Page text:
South Pittsburgh Reporter - Serving South Pittsburgh Since 1939

By Anthony Mendicino
Point Park News Service 

City safety blitz gets underway in Carrick


Final plans for the Carrick Crime Blitz were outlined last Tuesday night, targeting 42 properties for possible condemnation or seizure as local citizens and law enforcement say have been at the center of crime in the community.

Representatives from the Mayor’s Office as well as local law enforcement met with Carrick residents and block watch members to share their final plans for the blitz and pegged Thursday, Sept. 10 as its start date. The six-week program will use resources from both the local community and city to clean up properties that have been linked to crime or become an eyesore to local residents.

“Just look out the window, it’s a problem,” said Gordon W. Sullivan of the Spencer Avenue block watch. “The main thing is just getting involved, just call the police. It’s that easy.”

Crime has been an issue in the community for several years, but the cancelation of the St. Basil Parish Festival in late July pushed locals over the edge. The festival was promptly cancelled after police were called to respond to fights and overcrowding.

No arrests were made, but the incident was enough to spur action.

Many local residents became fed up with the crime and propositioned the City of Pittsburgh to do something about it; the city’s response was a public safety blitz encompassing all of the city’s departments.

With help from community leaders and block watch members, residents identified and reported abandoned or run down properties that have been the center of crime in the area.

“The first step was collecting data, which we did so by gathering as much community input as possible,” said Lex Janes, Office of Community Affairs Deputy Manager.

“Even up to last week we were still collecting information,” Mr. Janes said.

That information was given to the Department of Innovation and Performance. The department then began to “compile a large database and analyzed that data to sort out properties that had the most outstanding issues,” Mr. Janes added. Issues ranging from overgrowth to drug use or condemned properties were covered.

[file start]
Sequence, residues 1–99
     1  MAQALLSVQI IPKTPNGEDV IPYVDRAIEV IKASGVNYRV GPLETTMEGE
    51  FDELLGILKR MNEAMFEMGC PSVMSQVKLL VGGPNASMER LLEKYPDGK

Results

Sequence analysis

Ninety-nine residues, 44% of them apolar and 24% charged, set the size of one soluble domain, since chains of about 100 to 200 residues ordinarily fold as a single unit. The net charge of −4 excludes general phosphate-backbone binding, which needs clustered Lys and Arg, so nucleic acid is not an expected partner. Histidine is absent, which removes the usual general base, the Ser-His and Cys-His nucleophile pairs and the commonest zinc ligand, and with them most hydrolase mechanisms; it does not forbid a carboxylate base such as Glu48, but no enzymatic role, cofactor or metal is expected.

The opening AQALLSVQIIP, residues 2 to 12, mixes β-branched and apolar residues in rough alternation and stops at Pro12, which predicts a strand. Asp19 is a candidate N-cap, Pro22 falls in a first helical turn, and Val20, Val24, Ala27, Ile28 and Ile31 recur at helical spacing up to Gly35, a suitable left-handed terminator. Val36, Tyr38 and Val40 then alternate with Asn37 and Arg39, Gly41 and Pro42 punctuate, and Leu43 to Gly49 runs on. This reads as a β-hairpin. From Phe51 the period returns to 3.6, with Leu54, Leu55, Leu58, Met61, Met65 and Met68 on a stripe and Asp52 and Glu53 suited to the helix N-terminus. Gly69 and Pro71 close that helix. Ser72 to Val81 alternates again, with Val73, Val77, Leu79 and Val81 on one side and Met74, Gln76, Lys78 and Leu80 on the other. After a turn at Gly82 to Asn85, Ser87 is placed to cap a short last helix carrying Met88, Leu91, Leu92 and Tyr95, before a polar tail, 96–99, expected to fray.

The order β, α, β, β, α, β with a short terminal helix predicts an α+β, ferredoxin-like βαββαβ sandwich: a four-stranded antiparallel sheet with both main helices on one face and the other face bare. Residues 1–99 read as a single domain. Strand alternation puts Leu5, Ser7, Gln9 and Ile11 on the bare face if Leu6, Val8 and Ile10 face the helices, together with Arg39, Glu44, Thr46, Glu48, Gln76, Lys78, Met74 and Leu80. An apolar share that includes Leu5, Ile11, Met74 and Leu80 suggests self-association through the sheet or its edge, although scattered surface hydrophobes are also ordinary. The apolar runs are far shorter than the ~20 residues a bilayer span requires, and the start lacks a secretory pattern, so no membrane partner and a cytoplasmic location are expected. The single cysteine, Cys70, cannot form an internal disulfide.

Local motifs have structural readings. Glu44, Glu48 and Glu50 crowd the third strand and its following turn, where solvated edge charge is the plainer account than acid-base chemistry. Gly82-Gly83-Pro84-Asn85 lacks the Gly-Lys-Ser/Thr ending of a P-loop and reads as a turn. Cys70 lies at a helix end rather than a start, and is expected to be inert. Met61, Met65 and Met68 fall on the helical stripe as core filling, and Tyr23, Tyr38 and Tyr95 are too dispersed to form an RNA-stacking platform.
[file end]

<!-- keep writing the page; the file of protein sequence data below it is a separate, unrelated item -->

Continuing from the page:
According to Janes, Mayor William Peduto and Councilwoman Natalia Rudiak originally committed to focus on 12 properties during the blitz. But because community members worked hard to find all questionable properties that number has risen to 42.

“There’s been such a breath of community input that we wanted to make it as effective as possible and as impactful as possible,” Mr. Janes said. Multiple departments including the police will investigate the finalized list of properties.

While no specific property locations were given, six of the 42 are found along Brownsville Road.

Departments will be using a “report card” consisting of the address of the property, a picture, owner name, owner address, tax status and violations. The corresponding department will handle violations, for example overgrowth would be handled by Public Works while the police would handle drug use.

Concerns specific to the police were handed over to Zone 3 Commander Karen Dixon.

Mr. Janes explained the blitz should start this week, a bit late but because they wanted to properly respond to as many calls as possible. “We had to wait to give people ample time to report properties,” he said.

When the meeting was opened for questions, residents expressed concerns to Cmdr. Dixon. Chiefly among those concerns was the influx of drugs in the community.

“I cannot get rid of drugs, I just can’t. We move it and displace it then we displace it again and move it again,” she said.

“Drugs are the biggest problem,” Mr. Sullivan said. “If you clean up the neighborhood and houses you can clean up the drugs.”

Residents also brought up the fear of retaliation from the offenders that are turned in.

Cmdr. Dixon noted she deals with drug arrests everyday and believes retaliation should not be a problem.

“We’re going to make some people unhappy because we are focusing on areas that they may have felt comfortable in that they shouldn’t feel comfortable, ever, in,” she said.

After the question and answer portion of the meeting Zone 3 Community Relations Officer Christine Luffey gave the local crime report, saying the summer has been rough for residents in Carrick but she also offered some encouraging news.

“What I want to say, and I know I’ve said it before, but what I want you to know is that I thank all of you from the bottom of my heart for fighting for Carrick,” she said.

Officer Luffey then read the crowd a list of “victories we had over the summer.”

She reported police arrests or investigations within the community in an attempt to stem the tide of narcotics and prostitution.

After giving the crime report, Officer Luffey expressed praise for Cmdr. Dixon saying, “She’s a hard worker, she’s a wonderful person, she’s good to the officers and she truly cares about the communities.”

“It’s working, with the help of the Mayor’s Office, I think it will work,” said Cheryl Veatch of Kirk Avenue block watch.

“I think it will have a big effect,” Mr. Sullivan added at the end of the meeting.

The two stressed the importance of the Mayor’s Office getting involved in their community. “I came sparsely before but ever since the mayor got involved now I come to every meeting,” Ms. Veatch said.

“This is a phenomenal community group, like I’ve said, my other zones when they see that I’ve been to this meeting they ask me, ‘Was there really 120 people?” Cmdr. Dixon said. She added the community involvement makes the police’s job much easier.

The next block watch meeting will be held on October 5 at 7 p.m. in the Pittsburgh Concord School.


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